Earth’s seawater is slightly basic (basic is ph > 7). The global average ph of the oceans has decreased from 8.25 to 8.069 since the 1750s (ph was 8.104 in the 1990s). This is caused by the oceans dissolving carbon dioxide (30-40% of carbon dioxide released by humans dissolves in the oceans). This interaction forms carbonic acid, with further chemical reactions leading to increasing concentrations of the hydronium ion (H+). This leads to a lowering of the ph. The rate of acidifcation is faster than at anytime in the past 300 million years! The rapid acidification has been more pronounced in the Arctic Ocean because of very cold water (colder water can absorb more dissolved gases). When ph falls under 8 in the coming decades (assuming no mitigation), marine life which depend on carbonate structures (shellfish, sea snails, corals, some types of plankton, etc) begin to suffer from the corrosive effects of less basic waters.

5. Sea Level Rise

rate-of-sea-level-rise-accelerating

Sea levels are rising as a result of meltwater from land and thermal expansion as oceans warm. As the atmosphere and oceans continue to warm and weaken the Arctic and Antarctic Ice Sheets, sea levels will continue to rise, with possible nonlinear positive feedbacks accelerating it. It has already accelerated since the end of the 20th century. “King Tides” have become an increasing problem because of sea level rise in the 21st century.

6. Increase in Extreme Weather and Climate Events

The end of the 20th century into the early 21st century has featured a statistical increase in extreme weather events. Climatologists usually classify “extreme” as being 4-5+ standard deviations from the mean of all events. Such increase in extreme events over the course of years means that natural variability is being dominated by global warming, and causing a continuously shifting climate pattern.

unnamed
The shift in the range of meteorological variables across the bell curve because of climate change. The curve represents the normal distribution of events with natural variability (climate teleconnections and seasonal). The small shift of the mean by climate change causes a significant increase in less common events at one tail as well as an increase in truly extreme events not previously observed in the reference climate regime. (Presentation slide by Erick Fernandes, 2015).
Extreme events include heat, flooding, rainfall rates, drought, and wildfires. All of these occurrences have been increasing the frequency and severity around the world because of climate change. In addition, there is evidence that because of the high rate of warming of the Arctic, the mid-latitude jet stream has become weaker with increased amplitude extremes, leading to short-term and longer-term patterns favorable for extreme conditions at the surface. For example, high amplitude ridges of high pressure which do not move much or reform constantly can lead to extended periods of drought and extreme heat (while other areas downstream may receive cooler temps but heavy rainfall and flooding. This is actually something that is observable on meteorological timescales. Dr. Stefan Rahmstorf discusses the increases in extreme events from climate change in a lecture HERE.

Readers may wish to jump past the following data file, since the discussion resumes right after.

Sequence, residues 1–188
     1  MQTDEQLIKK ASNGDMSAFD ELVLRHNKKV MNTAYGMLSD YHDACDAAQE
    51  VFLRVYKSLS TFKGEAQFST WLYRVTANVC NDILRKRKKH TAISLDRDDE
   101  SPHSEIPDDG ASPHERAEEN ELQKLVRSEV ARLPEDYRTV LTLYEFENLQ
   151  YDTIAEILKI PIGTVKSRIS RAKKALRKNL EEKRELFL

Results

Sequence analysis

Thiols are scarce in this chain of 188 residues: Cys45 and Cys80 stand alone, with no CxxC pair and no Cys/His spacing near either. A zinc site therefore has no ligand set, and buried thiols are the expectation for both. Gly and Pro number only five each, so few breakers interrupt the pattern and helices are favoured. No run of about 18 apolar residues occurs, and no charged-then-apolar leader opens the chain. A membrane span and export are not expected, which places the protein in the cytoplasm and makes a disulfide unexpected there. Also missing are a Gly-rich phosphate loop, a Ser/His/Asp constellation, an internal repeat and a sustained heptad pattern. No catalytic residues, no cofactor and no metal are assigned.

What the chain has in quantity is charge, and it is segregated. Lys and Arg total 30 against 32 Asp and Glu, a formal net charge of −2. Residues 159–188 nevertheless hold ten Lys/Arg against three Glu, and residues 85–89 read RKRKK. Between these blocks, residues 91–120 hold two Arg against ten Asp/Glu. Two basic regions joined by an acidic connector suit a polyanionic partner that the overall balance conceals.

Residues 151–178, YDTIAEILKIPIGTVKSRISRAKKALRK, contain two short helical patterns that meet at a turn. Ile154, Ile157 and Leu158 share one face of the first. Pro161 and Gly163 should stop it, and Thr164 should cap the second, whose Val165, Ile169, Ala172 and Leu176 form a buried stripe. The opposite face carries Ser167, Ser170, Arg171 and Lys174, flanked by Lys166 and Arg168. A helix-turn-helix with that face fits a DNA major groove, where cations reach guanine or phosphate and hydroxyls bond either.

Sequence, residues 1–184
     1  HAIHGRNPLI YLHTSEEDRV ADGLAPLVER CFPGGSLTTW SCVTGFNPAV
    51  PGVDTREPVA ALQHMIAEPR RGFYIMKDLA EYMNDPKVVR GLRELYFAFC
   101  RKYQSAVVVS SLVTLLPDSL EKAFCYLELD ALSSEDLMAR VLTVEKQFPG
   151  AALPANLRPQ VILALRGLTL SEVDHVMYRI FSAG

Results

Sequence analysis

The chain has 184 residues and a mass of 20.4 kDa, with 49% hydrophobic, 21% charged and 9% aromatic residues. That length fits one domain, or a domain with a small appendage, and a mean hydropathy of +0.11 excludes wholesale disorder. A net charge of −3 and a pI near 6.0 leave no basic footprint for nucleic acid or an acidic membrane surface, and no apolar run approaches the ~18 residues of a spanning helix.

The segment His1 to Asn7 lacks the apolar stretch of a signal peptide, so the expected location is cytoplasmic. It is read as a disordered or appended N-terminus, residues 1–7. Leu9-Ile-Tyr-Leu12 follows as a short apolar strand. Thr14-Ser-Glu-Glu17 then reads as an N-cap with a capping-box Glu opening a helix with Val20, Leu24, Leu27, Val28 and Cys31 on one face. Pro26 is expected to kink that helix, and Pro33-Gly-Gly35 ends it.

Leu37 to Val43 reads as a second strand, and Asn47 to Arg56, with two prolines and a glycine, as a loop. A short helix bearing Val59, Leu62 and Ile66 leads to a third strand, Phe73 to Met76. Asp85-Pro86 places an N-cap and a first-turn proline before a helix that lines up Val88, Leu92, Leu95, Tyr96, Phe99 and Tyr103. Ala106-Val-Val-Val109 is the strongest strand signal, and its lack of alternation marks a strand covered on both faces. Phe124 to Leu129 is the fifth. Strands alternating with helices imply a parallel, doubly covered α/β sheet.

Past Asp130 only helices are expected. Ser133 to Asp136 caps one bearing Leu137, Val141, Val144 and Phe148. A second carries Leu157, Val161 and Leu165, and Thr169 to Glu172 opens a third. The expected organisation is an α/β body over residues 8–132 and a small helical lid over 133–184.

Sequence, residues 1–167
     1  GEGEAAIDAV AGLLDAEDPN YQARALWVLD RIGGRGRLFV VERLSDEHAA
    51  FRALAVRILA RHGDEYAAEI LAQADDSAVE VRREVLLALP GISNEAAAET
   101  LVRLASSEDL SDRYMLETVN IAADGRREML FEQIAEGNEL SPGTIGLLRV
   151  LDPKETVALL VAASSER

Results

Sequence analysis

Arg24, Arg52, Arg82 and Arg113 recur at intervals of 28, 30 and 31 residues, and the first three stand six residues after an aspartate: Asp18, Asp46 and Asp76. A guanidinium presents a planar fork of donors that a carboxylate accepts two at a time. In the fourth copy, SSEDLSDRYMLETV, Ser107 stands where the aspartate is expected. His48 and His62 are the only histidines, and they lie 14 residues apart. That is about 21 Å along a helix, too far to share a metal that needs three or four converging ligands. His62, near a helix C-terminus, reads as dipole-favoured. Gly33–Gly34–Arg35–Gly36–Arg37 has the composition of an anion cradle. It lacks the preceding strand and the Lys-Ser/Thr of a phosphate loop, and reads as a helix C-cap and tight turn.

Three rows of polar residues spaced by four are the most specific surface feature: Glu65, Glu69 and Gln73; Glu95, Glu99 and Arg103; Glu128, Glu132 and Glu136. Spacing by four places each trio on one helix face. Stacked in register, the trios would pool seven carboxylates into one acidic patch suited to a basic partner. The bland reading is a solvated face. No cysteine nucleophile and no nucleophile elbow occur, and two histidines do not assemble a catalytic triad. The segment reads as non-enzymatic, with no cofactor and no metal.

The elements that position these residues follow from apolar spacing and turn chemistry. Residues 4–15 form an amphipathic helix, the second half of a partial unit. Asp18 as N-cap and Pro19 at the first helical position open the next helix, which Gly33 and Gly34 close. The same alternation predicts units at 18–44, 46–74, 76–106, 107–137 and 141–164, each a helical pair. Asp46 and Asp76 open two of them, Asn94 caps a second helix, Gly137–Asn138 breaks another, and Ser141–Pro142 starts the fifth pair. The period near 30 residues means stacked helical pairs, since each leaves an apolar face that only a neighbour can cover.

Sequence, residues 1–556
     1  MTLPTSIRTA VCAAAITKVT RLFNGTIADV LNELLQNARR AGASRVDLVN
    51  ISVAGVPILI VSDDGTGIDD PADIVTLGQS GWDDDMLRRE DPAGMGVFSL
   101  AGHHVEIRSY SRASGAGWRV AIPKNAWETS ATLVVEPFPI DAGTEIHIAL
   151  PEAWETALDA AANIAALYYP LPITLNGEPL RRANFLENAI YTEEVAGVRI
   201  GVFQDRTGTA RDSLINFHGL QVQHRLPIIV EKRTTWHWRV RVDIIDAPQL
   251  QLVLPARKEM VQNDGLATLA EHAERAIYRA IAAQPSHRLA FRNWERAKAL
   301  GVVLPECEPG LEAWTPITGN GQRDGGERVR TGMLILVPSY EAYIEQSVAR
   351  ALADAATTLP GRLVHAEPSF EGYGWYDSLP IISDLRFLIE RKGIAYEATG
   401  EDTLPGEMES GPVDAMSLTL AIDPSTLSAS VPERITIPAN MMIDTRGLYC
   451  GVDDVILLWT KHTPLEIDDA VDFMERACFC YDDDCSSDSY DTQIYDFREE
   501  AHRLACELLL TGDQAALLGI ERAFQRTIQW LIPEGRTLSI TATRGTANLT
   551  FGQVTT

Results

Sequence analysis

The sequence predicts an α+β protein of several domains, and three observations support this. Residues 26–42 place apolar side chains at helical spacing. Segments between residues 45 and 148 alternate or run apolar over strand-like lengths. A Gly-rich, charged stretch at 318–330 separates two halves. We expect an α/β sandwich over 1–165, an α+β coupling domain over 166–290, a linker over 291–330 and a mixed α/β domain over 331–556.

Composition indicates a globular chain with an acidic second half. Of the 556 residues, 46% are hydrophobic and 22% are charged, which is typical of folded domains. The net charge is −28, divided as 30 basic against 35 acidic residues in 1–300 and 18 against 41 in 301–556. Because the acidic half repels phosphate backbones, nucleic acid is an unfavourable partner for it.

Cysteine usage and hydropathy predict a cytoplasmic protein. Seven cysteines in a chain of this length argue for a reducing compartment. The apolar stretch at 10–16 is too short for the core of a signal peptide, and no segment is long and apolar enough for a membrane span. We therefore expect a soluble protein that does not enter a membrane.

One thing I must emphasize with understanding the impacts of global climate change is that it is impacting the environments of our world now and continue to accelerate in the coming years and decades (assuming no major changes are done). Global warming…the primary force of climate change, caused by our immense release of greenhouse gasses from fossil fuels…is the dominate force behind the rate of change in climate behavior. According to the Intergovernmental Panel on Climate Change in their 5th assessment, the world should actually be experiencing anomalous COOLING right now, but instead we have warmed Earth above and beyond natural long term global temperature variability. So when people ask “Did global warming cause (insert extreme weather event)?”, it is the wrong question. Climate looks at a collection of events for a trend. What is clear is that global warming is NOW causing a statistically significant increase in extreme events and will continue to do so. There is no “new normal” but only a continuous “ramping up” of the Earth’s natural variability toward greater extremes relative to the beginning of the Industrial Revolution, with greater impacts as humanity leaves the stable global climate in existence since the beginning of civilization.

This may be something many do not appreciate, but it is factual. Human civilization has changed Earth’s climate system to the point that we as humans are turning up the “thermostat” and started a multi-centennial experiment in geoengineering. Heat, drought, flooding, rainfall rates, wildfire events, and jet stream amplitudes, as a result, have all increased significantly in just the past 30 yrs.

If the climate were a piece of music…think of Earth’s relatively short-term natural cycles as the melody and global warming as the dominating background harmony from which the melody plays over. If the harmony changes keys, the melody will respond and shift accordingly.

In Part 3, I’ll discuss the projected future impacts of climate change being actively researched (and some already happening) such as food security, human health and living space.

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Author: Meteorologist Nick Humphrey

Meteorologist and geoscientist in Lincoln, NE. Seattle, WA native. Love weather, storm chasing/photography and planetary science.